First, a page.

Wednesday, March 27, 2013

The Setting Game

Here on the Alley, we are continuing down the Yellow Brick Road of our setting theme, attempting to entice you to envision colors like yellow, red, orange, blue . . .colors I cannot see due to gray clouds and snow on the ground where I live.  

As a result, poor reader, you will step onto a white brick road.

How necessary is it to be specific with your setting? I mean really. We don't want to bore a reader or laden them with pages of details. Yawn. 

I believe God's Words can be used here: all things in moderation

But what is moderation? Sometimes we're told we have too much, other times we're told we have too little. 

Let's play
The Setting Game 
and explore this topic.

If I mentioned the word fire in my setting, what would you imagine? Oh, you can't answer because you don't know what else is going on in the scene/have enough information? Bravo!

Okay, let's try again. Be sure to read the entire paragraph.

First setting: You are sitting at a table. White tablecloth, china dishes, too many pieces of silverware are placed in the proper position. You are wearing your very best clothes because this is the date of a lifetime. Across from you is the most beautiful/handsome person you've ever met. It is February 14th. In the center of the table the fire flickers, the glow reflects from your date's water glass. 

What you pictured for the word fire? Place your answer for this first question in the comment section.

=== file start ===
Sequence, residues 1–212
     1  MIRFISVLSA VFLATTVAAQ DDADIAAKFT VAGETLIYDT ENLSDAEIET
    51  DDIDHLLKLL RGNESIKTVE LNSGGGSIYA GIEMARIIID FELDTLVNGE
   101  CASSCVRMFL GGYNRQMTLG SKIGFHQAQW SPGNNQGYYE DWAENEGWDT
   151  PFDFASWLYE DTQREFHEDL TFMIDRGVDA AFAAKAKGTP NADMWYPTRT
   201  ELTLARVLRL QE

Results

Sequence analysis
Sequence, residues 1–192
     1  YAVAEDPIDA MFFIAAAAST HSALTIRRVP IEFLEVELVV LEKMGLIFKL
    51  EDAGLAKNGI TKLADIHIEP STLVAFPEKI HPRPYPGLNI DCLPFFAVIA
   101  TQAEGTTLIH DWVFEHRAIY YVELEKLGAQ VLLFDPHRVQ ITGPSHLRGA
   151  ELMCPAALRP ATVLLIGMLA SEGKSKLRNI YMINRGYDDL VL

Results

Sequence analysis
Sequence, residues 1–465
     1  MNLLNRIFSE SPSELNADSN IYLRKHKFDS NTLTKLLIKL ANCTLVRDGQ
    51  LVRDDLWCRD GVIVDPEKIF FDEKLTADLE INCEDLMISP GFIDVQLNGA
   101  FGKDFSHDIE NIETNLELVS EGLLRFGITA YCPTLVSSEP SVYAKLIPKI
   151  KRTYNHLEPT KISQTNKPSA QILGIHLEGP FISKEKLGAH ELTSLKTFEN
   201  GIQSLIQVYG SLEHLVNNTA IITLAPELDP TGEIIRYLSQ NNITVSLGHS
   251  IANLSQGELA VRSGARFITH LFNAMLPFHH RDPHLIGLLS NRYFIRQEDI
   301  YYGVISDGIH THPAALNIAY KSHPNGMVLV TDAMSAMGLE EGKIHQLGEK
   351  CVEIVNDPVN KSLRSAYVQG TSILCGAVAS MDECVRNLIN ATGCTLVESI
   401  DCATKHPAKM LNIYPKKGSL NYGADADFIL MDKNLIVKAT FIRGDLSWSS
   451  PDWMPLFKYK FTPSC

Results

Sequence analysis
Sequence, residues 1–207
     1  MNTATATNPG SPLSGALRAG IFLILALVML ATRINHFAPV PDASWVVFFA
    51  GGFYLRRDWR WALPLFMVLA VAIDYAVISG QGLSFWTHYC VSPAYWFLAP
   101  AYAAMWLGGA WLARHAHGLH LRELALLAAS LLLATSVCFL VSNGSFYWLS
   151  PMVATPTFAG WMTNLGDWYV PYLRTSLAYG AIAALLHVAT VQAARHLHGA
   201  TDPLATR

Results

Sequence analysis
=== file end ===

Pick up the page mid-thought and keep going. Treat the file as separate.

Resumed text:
Second setting. You are in the woods and smell smoke. The group of hikers around you comment on the scent, wondering where it is coming from. Your friends come to the end of the path and see fire. A hundred yards away is a log cabin. A man stands outside the doorway, waves his arm with a full swing and calls out to the group. "I need your help." 

You and the other hikers rush toward the man. "What's wrong?"

The man says, "You're finally back. We're cooking s'mores over the fire and need more sticks." 

What did you pictured for the word fire? Place this second answer in the comment section.

Third setting. Your eyes smart. Breathing has been difficult for the last several hours. You have concern for the coughing coming from your children and wonder if a trip to the hospital is necessary. The clouds on the horizon have a sunset color. An announcement comes over the television stating your neighborhood must evacuate due to fire.

What did you picture for the word fire? Place this third answer in the comment section.

As you can see there is so much more to setting than a few simple words. In the first setting we could also detect a romantic interlude, the second an outdoor adventure, and the third, a family's home setting.

Here is your second word. What do you picture when I give you the word blizzard? Oh, so you think that one is easier, eh? 

Let's play

First setting: You are driving along in a little commuter Yugo through busy streets where buildings on your left cast a long shadow even at noon. The tank is almost empty but you planned to get gas at the station four blocks up the road where the price is cheaper. You glance to the right. Lake Michigan waters have a heavy chop, white caps frost each wave. 

The wind suddenly shoves into your car. You grip the steering wheel with both hands and squeeze. The sky darkens before you clear the intersection behind a long line of other vehicles. The air become a wall of white. A moment ago you knew where to drive, you've followed the same path for five years. At this second, however, you can't see beyond the hood of your car and can't be sure the Yugo is still on the road. The wind howls and pummels your car with sleet and snow. Three dings from the dash later the engine dies.